Maintenance ECT: Why Some People Need Continuation ECT
Electroconvulsive therapy, once known as shock therapy, is a safe and effective treatment for depression and other mental illnesses. Electroconvulsive therapy (ECT) is most often used in cases of severe, intractable, hard to treat (treatment-resistant) depression. Generally, ECT is a short-term treatment where the patient receives 6-12 treatments over the course of 2-4 weeks.
However, in some cases, continuation ECT or maintenance ECT is used. These two therapies continue ECT beyond the initial 6-12 sessions used in acute treatment. This initial acute treatment is known as an "index series" or a "course" of ECT.
Relapse after a positive response to ECT is common. Most frequently, prevention of relapse is accomplished through the use of medication but continuation ECT has also been shown effective for the prevention of illness relapse.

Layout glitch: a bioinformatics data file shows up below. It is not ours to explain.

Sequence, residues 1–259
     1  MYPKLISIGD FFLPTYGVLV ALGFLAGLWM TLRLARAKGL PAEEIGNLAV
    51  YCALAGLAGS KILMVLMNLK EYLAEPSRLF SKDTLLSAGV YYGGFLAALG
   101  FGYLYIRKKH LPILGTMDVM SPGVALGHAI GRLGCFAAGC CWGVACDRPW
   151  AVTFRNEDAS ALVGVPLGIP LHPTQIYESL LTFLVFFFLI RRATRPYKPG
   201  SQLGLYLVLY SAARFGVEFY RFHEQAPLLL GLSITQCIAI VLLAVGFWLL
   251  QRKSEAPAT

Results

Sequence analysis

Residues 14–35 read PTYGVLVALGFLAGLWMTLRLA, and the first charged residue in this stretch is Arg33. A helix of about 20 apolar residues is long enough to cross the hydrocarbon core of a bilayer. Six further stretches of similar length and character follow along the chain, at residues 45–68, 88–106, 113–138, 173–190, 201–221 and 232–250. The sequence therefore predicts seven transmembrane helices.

Continuation ECT is electroconvulsive therapy continued for approximately the six months following the initial index series.1 Continuation ECT involves a treatment once every 1-6 weeks.2 Continuation ECT is typically used for patients who have initially positively responded to ECT and can give informed consent for its further use. Often those who do not respond to medication choose continuation ECT.
Maintenance ECT consists of ECT treatments given infrequently over a long period of time after the index series and continuation ECT. The goal of maintenance ECT is to prevent the reoccurrence of the mental illness.
Maintenance ECT may be given for months or even years with approximately one ECT treatment every three weeks.3 Maintenance ECT has been shown safe and effective in preventing illness reoccurrence. When maintenance ECT is combined with psychiatric medication treatment, it appears to be more effective than either medication or maintenance ECT alone.4
Tracy, N. (2012, January 8). Maintenance ECT: Why Some People Need Continuation ECT, HealthyPlace. Retrieved on 2020, June 5 from https://www.healthyplace.com/depression/ect/maintenance-ect-why-some-people-need-continuation-ect